Microsoft on WP8, Build 2013 and how it will win the cheap phone wars

The newest Lumias make a CTIA 2013 appearance

Microsoft skipped out on making major announcements at this year's CTIA, but in a catacomb of meeting rooms beneath the main show floor, Senior Marketing Manager Greg Sullivan made sure the company and its Windows Phone 8 weren't forgotten.

Sullivan's energy about WP8 was palpable; he quickly pointed to IDC figures that show Windows Phone has overtaken BlackBerry for the third spot in the mobile OS race. It's still far beyond Android and iOS, but that did nothing to dampen Sullivan's spirits.

"There's still room to go to get to the top two, but it's one of the dimensions in momentum we're seeing around the platform," he said.

First things were first, however. With no big news at CTIA, we wanted to know why we should pay attention to the mobile operating system during Build 2013, Microsoft's major developer conference taking place in just over a month.

"There will be some talk about [Windows Phone 8] from an app platform standpoint," Sullivan said coyly, noting that Microsoft is taking a different approach to how it addresses updates and issues around the platform in general.

"We used to be in the business of telling you about the next version a year in advance. We're doing less of that, partly because what we have in the market today competes very, very favorably and we feel great about it. So we don't feel like we need to promise what's coming next year. Even to developers, we'll say, 'Let's focus on what we have today because it's one of the best out there.'"

Windows Phone 8

Color Microsoft happy

Deep ties

Sullivan steered away from other specifics, but as the reveal of Windows 8.1 draws nearer, expectations are that an update known as Windows Phone Blue (or Windows Phone 8.1) is also on the horizon.

He explained that as the core of Windows is updated, the Windows Phone engineering team builds out the services that go along with their particular platform.

"[Windows Phone] can have lots of updates that don't necessarily relate to the core, but when that core gets updated, we'll take that, and we'll continue to be in alignment with them."

Those who followed this week's Xbox One announcement may have noticed the new console's UI reflects Microsoft's hallmark Metro design, and picked up that there's a kernel of Windows within the system's architecture.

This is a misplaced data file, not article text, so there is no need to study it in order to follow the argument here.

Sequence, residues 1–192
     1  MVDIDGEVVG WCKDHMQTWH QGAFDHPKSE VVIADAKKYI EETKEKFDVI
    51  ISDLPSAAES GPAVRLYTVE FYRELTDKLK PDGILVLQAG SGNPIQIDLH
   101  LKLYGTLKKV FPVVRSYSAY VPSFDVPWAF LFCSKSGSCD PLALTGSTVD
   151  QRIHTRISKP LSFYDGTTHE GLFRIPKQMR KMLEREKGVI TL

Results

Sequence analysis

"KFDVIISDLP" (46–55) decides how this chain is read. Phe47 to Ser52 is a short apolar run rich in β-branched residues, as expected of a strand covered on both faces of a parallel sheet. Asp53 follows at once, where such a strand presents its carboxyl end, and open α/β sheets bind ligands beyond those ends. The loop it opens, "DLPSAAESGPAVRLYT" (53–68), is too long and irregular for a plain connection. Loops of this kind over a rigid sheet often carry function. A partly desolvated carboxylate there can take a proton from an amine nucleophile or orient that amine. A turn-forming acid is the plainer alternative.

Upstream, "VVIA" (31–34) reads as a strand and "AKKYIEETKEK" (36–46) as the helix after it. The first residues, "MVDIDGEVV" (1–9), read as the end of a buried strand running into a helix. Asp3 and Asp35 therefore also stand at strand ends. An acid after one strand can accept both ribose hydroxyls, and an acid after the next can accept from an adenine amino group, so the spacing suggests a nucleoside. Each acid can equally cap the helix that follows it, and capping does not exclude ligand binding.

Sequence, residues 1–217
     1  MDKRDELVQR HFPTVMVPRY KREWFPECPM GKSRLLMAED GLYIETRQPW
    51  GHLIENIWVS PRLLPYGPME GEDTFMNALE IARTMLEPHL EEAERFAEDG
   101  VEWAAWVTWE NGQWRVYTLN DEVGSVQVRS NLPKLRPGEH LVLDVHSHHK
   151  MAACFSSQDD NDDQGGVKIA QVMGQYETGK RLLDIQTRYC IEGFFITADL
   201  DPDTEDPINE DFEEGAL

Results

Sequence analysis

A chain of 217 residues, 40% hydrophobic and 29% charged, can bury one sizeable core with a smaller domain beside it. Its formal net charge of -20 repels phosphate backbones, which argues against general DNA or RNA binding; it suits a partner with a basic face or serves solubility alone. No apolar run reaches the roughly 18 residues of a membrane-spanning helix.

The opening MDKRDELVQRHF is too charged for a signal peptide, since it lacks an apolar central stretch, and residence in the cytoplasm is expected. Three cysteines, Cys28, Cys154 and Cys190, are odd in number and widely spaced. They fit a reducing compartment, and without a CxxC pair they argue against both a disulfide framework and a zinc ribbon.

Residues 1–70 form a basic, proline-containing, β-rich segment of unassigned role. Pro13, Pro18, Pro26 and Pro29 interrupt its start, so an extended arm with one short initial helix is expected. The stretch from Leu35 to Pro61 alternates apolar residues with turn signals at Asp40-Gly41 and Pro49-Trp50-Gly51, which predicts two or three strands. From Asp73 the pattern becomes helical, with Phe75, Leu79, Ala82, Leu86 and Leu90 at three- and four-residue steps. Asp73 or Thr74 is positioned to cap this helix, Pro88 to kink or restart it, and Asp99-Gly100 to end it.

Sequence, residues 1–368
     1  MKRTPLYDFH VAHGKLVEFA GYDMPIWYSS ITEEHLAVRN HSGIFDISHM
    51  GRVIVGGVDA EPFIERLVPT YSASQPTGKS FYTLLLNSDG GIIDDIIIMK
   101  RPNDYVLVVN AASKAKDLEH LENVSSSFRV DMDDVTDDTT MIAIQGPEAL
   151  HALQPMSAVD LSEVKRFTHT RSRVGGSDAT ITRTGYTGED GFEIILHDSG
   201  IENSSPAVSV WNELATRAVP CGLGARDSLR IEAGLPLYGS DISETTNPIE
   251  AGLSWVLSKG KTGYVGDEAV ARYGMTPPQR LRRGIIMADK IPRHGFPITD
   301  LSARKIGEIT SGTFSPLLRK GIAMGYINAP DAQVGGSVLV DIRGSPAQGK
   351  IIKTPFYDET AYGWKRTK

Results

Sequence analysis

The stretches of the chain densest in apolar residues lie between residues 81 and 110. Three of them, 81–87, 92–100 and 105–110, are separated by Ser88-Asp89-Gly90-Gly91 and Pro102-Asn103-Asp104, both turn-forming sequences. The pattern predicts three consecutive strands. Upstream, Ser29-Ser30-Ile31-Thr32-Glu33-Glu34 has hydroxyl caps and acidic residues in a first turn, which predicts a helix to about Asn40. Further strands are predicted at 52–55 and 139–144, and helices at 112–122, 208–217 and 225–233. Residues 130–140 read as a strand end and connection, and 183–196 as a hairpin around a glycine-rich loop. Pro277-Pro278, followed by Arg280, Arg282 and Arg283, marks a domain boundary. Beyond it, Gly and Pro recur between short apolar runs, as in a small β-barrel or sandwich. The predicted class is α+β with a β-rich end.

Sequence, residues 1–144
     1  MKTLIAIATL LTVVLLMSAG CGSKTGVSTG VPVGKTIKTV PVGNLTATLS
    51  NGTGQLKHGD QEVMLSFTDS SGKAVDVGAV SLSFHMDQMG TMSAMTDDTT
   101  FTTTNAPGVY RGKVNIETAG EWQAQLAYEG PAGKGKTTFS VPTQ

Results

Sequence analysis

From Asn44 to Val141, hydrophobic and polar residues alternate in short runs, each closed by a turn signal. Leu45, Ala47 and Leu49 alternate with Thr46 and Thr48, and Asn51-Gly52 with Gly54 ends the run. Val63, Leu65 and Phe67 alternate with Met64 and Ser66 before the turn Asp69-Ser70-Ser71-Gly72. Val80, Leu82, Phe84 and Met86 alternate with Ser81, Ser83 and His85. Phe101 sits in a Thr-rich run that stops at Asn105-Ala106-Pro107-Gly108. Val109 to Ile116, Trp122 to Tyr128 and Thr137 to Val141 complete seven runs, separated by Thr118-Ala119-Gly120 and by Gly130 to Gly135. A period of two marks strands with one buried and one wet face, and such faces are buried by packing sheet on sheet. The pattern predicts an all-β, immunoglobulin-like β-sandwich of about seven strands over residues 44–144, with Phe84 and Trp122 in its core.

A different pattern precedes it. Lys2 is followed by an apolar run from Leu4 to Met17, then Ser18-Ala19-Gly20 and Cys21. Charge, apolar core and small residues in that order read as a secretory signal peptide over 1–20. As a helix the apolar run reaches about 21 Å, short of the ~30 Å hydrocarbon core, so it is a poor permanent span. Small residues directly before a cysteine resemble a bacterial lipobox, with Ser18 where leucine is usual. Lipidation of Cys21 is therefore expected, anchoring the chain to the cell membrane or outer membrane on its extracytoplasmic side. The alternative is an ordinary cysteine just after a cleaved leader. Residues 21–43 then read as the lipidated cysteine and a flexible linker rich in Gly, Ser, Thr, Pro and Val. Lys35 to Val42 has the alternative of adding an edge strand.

Xbox UI

Xbox One UI look familiar?

Xbox of course isn't alone among Microsoft's products in having both. With a unified look and a shared core, Sullivan indicated there's more that can be done to mesh the company's products and services with one another.

"We had a group of designers that collaborate across the whole company that thought long and hard about what our point of view is and what are our principles around design. They relate to the interface that first showed up in Windows Phone but is now in Xbox and Windows Phone 8 and web services.

"So you're seeing this consistency on the user experience level, and you're seeing increasingly a compatibility across the app level and a leveraging of the tools and the code that developers can use to target the range of our platforms.

"We're tying our stuff together up and down the stack and across the elements that nobody else is able to, and that's going to be a competitive advantage more and more as we go along."

On the cheap

In the last few weeks, Nokia has debuted two new phones - the Lumia 925 and Lumia 928 - while putting the Lumia 521 up for sale directly on T-Mobile (it's been sold through HSN and Wal-mart already). The 521 is the U.S. variant of the globally available Lumia 520.

Numerically confusing names aside, with a rush of new phones, might Microsoft be concerned in tipping into over saturation? No, said Sullivan.

Michelle Fitzsimmons

Michelle was previously a news editor at TechRadar, leading consumer tech news and reviews. Michelle is now a Content Strategist at Facebook.  A versatile, highly effective content writer and skilled editor with a keen eye for detail, Michelle is a collaborative problem solver and covered everything from smartwatches and microprocessors to VR and self-driving cars.